We Had It Coming (2019)

We Had It Coming opens with two programmatic sequences. In the first, Katja (Sofie Holland) is woken by the sound of a hardcore porn clip landing on her phone – a video in which, by implication, she features. She then, after grimly donning the transparent platform shoes that are part of her work costume, hangs herself. In the second, junior teacher Anna (Natalie Krill, in a standout, accusatory performance) sits in on a session with the school principal (Michael Broderick), an older teacher (Heather Tod Mitchell), and young pupil Aimee (Raynnie Platz). It will emerge that Aimee, having been constantly teased by a male classmate, punched him to the ground, a retaliatory act in which other female classmates were quick to join her. “What the hell’s going on between the boys and the girls in this school!” the principal will exclaim, banging the table with such anger that Aimee will visibly flinch. When he opens the letter of apology that Aimee has been made to write, he – and we with him – will see just the words “GO FUCK YOURSELF!” written on an otherwise blank page.

These scenes form a diptych. The first shows a woman driven to ultimate despair by the sex work in which she has become trapped. The second shows similar patriarchal forces at work, introducing themselves at an institutional level in the earliest years of school (it is the bullied girl, not the bullying boy, who is in trouble), and partly supported by the older female teacher who has assimilated the ambient order – although the sequence also holds out the hope of resistance and female solidarity. Much as the school’s principal is seen only from behind, with the focus on the faces of the two teachers and Aimee, in fact all the film’s male characters come similarly effaced, as a faceless continuum of gender imbalance. For they are reduced to over-the-shoulder shots, hidden in the shadows or placed at (or sometimes beyond) the margins of the screen, even as their presence and often baleful influence always remain felt. We Had It Coming is very definitely a women’s picture, with female characters placed at its centre, and the men in their orbit a thorny problem to be accommodated, evaded or entirely eliminated.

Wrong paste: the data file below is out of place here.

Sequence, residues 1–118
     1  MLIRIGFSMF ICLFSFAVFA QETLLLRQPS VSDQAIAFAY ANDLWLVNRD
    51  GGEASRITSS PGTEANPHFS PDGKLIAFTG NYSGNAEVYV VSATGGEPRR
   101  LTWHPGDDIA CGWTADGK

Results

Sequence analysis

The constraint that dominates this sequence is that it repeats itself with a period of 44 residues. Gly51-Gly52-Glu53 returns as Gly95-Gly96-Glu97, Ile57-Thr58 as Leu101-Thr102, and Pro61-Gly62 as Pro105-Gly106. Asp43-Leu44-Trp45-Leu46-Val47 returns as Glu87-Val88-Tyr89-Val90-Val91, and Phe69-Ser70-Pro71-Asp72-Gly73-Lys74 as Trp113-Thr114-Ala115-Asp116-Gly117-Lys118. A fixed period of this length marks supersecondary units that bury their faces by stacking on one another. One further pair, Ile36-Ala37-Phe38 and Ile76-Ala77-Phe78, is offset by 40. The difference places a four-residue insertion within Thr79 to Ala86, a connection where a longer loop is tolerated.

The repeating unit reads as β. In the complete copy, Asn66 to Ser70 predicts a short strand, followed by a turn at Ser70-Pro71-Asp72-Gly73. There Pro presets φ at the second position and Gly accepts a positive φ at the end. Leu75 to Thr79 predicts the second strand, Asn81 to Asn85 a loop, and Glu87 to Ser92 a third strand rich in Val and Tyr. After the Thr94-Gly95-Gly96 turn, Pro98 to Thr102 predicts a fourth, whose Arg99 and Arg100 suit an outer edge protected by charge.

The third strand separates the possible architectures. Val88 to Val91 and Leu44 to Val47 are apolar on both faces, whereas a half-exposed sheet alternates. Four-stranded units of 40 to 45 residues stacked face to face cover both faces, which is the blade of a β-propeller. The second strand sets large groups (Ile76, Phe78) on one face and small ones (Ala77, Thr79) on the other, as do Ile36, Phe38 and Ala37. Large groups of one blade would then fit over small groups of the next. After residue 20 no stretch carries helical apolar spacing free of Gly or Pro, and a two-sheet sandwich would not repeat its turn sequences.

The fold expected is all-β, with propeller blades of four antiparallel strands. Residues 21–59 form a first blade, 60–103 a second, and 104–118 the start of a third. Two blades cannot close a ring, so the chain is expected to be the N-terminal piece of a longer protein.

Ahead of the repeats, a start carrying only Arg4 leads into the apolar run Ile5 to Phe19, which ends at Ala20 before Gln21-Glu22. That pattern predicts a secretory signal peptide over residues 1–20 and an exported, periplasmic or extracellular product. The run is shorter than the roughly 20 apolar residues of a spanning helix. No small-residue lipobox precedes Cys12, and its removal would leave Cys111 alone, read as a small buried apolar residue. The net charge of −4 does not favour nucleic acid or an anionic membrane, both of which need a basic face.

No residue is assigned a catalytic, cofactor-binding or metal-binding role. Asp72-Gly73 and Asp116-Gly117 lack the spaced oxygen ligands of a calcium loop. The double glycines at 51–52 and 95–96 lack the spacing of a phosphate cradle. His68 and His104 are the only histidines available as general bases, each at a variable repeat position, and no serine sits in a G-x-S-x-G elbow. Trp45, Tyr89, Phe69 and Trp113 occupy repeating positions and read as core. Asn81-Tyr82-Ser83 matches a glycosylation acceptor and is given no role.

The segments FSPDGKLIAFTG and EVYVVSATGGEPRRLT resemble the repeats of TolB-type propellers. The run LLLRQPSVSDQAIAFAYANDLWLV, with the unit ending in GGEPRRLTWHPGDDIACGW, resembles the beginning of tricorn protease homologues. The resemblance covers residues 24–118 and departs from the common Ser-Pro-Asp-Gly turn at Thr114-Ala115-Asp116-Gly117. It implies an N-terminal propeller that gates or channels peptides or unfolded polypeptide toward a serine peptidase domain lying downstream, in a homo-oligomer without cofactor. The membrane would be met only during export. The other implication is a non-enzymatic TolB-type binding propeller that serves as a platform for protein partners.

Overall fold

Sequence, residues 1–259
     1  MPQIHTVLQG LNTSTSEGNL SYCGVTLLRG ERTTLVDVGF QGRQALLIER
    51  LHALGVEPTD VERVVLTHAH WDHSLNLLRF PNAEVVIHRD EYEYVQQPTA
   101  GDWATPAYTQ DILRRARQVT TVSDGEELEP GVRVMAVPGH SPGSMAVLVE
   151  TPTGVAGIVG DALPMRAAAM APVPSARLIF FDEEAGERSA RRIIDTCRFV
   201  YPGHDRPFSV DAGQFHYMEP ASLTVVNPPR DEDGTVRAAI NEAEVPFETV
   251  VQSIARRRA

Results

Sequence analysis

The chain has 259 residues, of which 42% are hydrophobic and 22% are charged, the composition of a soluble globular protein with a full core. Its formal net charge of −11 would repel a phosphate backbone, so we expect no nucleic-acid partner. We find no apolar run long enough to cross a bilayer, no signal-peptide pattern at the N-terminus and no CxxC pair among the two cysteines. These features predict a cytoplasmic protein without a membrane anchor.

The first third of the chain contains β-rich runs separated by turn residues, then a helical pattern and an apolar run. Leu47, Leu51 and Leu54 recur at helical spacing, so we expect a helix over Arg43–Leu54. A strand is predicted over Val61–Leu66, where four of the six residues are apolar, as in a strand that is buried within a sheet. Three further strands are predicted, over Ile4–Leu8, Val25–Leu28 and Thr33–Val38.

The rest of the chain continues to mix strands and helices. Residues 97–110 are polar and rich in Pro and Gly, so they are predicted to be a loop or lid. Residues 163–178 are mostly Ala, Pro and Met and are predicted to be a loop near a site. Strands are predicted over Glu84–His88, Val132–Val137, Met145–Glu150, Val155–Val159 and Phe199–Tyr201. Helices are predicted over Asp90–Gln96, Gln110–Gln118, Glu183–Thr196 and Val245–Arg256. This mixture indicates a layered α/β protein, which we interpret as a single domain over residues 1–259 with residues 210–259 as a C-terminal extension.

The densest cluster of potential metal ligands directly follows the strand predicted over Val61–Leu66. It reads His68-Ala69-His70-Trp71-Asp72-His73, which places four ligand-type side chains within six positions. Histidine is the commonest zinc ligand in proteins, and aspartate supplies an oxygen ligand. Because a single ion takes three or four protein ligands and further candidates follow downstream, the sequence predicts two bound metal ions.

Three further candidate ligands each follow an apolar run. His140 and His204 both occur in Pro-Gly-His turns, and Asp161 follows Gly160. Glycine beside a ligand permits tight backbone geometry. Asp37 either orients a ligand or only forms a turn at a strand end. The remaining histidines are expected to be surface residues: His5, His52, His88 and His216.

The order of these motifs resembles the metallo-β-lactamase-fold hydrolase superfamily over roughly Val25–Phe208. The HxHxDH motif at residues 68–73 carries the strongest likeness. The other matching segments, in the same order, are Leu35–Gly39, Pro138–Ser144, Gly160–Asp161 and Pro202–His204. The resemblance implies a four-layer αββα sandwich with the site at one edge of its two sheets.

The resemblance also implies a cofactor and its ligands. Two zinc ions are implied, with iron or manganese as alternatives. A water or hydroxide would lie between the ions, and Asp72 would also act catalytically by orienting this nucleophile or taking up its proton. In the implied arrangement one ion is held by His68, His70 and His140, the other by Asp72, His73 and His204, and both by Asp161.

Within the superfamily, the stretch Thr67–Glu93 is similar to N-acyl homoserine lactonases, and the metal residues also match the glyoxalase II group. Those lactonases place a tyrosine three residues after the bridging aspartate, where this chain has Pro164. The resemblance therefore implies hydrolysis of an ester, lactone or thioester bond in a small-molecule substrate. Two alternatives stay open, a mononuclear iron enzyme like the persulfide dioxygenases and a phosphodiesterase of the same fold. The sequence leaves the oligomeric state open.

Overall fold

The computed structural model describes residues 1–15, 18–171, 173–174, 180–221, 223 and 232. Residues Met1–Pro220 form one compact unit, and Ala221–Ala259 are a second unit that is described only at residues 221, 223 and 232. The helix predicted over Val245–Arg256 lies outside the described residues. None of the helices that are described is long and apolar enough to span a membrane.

The other connection between these two opening sequences is that Anna is in fact closely related to the late Katja, and is seeking due process for what has happened to her sister. When her lawyer (Vanessa Smythe) has to stop doing pro bono work on the case because her husband wants her to earn more to support his studies, Anna decides to go after Katja’s pimp (Nabil Khatib) herself – if not quite by herself. For travelling with her at least part of the way on the road to revenge is her girlfriend Olivia (Alexia Fast), although there are limits to how far Anna is willing to take her on this ride. Meanwhile the pimp’s unnamed, conflicted partner (Erin Agostino), herself trapped under threat of constant violence to herself and her family, recruits other young women – like Karina (Sarah-Anne Parent) – to work for the pimp while paradoxically doing her best to protect them and plotting her own exit. Yet the deeply unpleasant pimp, and another predatory man in a cowboy hat (Jeremie Earp) who circles looking for random women to rape, merely seem the less acceptable versions of more ‘respectable’ male figures in the film, like the lawyer’s husband who lives off his wife’s earnings, the principal who creates a school environment of fear and oppression or the ‘businessmen’ who hire the clearly strung-out Karina for their own gratification.